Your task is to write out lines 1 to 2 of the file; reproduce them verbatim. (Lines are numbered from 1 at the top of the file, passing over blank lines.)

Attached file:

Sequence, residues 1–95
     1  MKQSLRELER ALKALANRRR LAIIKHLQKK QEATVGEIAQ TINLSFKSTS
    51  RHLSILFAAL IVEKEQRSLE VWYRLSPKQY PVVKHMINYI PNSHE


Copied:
Sequence, residues 1–95
     1  MKQSLRELER ALKALANRRR LAIIKHLQKK QEATVGEIAQ TINLSFKSTS